Use access key #2 to skip to page content.

XMFSinchiruna (27.12)

$1,500 Gold is Just the Beginning

Recs

62

April 21, 2011 – Comments (37) | RELATED TICKERS: AUQ , CLGRF , AXU

Veteran CAPS members may recall my oft-repeated expression of long-term price targets for gold and silver dating back to my earlier posts on the site:

Gold to $1,650 on its way to $2,000. Silver to $50 on its way to $100.

When I began writing full-time for the Fool in early 2008, the March correction sent the gold/silver price ratio skyrocketing, and over the next couple of moneht it becamwe clear that deep damage had been done to the cycle that could take a year or two to heal. Because of that, and because sentiment against gold ran so high that I felt a target like $100 silver could turn some potential pm investors away by appearing laughably unrealistic at the time, I opted to utilize the $50 target for my published articles. It should be clear from the above expression, that I expected silver to reach $50 by the time we hit $1,650 for gold, which implied a ratio that silver has already achieved at 33:1.

Fast forward to today, where silver has restored my initial expectations in dramatic fashion. The time has come to make my $100 price target for silver more public once again. Aside from those many explicit statements, many of you will be able to see how many of my prior statements have implied silver targets well above $50; like my $100 price target for SLW (which should come before $75 silver).

Of course, both my $2,000 target for gold and my $100 target for silver are interim targets themselves, and do not represent expectations of terminal extents of the bull market run by any means. They are simply meant as a conservative guidepost for investors in the sector to factor into their allocation strategies.

$1,500 Gold is Just the Beginning

http://www.fool.com/investing/general/2011/04/20/1500-gold-is-just-the-beginning.aspx

As for silver, Fools will note that silver's breathtaking ascent already has my $50 price target firmly within its crosshairs. In fact, my call for silver to triple in price from $15, where the metal could be purchased on September 2, 2009 when this article appeared, has already been vindicated. Had I thought I could state the target seriously at the time, without suffering even greater dismissive ridicule at the hands of silver skeptics, perhaps I would also have referenced my $100 price target for silver more publicly ... which I have shared with members of the CAPS community through my blog and my stock pitches. The time has come to share my $100 silver price target with you all.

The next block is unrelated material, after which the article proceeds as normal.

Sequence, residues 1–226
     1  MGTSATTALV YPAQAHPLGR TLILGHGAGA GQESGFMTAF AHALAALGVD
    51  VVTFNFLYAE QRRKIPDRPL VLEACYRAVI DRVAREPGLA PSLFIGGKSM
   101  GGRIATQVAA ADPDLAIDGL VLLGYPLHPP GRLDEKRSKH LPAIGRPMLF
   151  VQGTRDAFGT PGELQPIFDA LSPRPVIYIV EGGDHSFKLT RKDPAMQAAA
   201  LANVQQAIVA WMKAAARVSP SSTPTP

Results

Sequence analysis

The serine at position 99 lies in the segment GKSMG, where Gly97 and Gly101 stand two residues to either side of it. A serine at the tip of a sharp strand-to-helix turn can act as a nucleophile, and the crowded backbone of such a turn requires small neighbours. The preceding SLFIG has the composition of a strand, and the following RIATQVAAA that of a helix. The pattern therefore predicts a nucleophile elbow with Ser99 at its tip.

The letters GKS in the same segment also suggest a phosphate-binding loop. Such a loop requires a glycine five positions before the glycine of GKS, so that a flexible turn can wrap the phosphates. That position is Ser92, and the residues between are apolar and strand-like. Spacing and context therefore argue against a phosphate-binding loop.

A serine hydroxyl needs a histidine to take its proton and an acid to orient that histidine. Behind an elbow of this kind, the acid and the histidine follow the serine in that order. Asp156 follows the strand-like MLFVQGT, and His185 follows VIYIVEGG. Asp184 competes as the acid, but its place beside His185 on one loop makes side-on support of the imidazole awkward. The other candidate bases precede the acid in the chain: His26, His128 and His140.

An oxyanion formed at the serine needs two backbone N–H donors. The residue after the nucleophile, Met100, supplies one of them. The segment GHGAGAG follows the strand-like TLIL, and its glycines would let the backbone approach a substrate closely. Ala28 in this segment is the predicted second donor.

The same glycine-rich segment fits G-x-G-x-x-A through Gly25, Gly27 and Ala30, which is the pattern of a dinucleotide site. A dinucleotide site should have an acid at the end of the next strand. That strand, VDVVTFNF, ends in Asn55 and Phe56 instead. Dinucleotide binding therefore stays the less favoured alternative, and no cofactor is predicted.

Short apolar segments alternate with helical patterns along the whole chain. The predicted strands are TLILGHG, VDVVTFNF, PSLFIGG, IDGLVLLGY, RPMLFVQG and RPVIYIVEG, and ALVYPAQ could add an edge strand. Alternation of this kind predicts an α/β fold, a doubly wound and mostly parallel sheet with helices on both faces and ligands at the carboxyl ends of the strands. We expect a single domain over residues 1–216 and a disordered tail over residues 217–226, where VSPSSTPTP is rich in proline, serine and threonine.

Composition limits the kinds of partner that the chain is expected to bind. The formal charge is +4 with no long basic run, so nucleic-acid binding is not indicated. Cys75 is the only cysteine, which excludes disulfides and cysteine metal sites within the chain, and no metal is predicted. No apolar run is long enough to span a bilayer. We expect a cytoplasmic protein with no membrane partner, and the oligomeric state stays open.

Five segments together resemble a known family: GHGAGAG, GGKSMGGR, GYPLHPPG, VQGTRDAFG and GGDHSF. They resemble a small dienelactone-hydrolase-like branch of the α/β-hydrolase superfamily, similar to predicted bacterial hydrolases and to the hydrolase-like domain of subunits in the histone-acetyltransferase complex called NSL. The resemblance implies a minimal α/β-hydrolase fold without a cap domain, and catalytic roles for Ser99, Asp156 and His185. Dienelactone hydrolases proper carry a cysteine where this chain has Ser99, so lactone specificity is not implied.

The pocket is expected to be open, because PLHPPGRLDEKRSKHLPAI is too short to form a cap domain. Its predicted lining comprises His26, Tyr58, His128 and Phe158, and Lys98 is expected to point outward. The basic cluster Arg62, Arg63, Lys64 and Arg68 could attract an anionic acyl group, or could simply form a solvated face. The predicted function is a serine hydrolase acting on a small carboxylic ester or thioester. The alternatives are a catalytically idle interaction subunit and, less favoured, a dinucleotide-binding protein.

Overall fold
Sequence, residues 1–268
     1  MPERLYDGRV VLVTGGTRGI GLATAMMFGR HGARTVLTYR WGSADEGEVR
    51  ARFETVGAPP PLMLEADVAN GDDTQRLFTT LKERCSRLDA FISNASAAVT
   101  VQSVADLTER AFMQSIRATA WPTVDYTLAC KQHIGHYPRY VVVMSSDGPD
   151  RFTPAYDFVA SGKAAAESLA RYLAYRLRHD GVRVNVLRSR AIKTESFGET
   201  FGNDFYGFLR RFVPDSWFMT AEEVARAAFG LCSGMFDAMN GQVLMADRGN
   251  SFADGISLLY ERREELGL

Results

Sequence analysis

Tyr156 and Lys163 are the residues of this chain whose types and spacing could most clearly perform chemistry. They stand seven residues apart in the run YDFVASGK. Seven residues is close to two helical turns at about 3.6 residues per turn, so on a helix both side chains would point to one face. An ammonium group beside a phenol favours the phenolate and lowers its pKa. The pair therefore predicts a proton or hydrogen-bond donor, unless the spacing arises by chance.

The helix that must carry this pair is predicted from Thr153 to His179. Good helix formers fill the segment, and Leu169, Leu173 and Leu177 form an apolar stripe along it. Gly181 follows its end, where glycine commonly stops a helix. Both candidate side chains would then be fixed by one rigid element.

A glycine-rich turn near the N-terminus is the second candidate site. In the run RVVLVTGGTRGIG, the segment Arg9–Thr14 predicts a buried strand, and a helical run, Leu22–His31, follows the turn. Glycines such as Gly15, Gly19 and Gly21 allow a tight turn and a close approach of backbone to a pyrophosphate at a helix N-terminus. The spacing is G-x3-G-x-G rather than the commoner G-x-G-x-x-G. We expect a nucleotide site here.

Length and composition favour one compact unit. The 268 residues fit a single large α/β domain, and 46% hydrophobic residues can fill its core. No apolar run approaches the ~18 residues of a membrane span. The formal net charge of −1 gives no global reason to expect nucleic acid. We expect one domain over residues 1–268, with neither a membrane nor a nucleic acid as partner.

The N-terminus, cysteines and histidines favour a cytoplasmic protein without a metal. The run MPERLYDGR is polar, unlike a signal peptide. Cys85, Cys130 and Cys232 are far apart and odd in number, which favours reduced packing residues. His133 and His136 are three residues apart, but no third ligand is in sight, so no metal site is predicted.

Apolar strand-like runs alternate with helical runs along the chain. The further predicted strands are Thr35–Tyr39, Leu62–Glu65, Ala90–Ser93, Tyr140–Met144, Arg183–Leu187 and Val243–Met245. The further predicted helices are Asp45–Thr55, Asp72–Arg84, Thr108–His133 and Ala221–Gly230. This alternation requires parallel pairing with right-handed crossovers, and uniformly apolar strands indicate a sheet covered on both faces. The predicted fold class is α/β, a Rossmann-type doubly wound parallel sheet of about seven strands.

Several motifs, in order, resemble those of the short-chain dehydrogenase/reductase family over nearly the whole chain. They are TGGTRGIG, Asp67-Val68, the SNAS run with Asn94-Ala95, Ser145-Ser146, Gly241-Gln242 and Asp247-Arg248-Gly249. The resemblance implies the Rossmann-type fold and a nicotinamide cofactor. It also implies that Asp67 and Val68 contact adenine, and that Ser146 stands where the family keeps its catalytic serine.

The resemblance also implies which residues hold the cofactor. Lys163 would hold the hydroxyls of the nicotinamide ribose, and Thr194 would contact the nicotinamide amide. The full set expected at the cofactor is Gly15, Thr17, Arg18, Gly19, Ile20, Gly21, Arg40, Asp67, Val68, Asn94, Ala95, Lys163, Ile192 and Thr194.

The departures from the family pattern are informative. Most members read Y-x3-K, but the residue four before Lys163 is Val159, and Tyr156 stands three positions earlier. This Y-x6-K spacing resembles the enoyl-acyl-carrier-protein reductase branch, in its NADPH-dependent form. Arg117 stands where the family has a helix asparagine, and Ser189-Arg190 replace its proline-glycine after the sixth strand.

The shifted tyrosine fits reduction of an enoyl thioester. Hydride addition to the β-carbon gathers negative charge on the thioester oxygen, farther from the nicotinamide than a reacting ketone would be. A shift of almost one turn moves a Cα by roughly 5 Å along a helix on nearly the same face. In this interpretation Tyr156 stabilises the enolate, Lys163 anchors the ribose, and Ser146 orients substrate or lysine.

Generational trends do not reverse course overnight
Particularly during the final quarter of the 20th century, the world was confidently engaged in a process of eschewing the time-tested wisdom of incorporating a modicum of precious metal exposure into a model portfolio. Gold and silver became the laughing stocks of the financial world, and the U.S. dollar was widely perceived as the unassailable global reserve currency that would seal gold's fate as a "barbarous relic."

My oh my, how the tides have turned. Today, it is the U.S. dollar that is suffering a worldwide crisis of confidence. Leading bond fund PIMCO won't touch U.S. debt with a ten-foot pole, and S&P finally moved an inch toward reality this week when it placed the United States' credit rating on alert for a possible downgrade. Safe-haven seekers and central banks the world over are finally initiating a move into gold and silver to protect against further deterioration of the purchasing power and the credit worthiness of the major fiat currencies, but for the first several years of this bull market such adaptations to the prevailing allocation models could scarcely be observed.

Eric Sprott:

We don't mean to bash the silver analyst community, and there are several whom we highly respect, but it is important for silver investors to appreciate that these price forecasts are being plugged into financial models that dictate equity valuations. These models are used by traders, bankers, analysts, and portfolio managers to derive valuations for silver stocks and create asset allocations for portfolios. To anyone questioning current silver equity valuations, we would ask: what price assumptions are you using? Of course we as allocators of capital are thankful for this phenomenon, as it allows us to buy our favourite silver stocks on the cheap, knowing full well that the herd will be following behind in due course as those backward-looking forecasts get ratcheted higher.

 

37 Comments – Post Your Own

#1) On April 21, 2011 at 7:41 AM, XMFSinchiruna (27.12) wrote:

The latest from Matt Taibbi is a must-read for each and every Fool.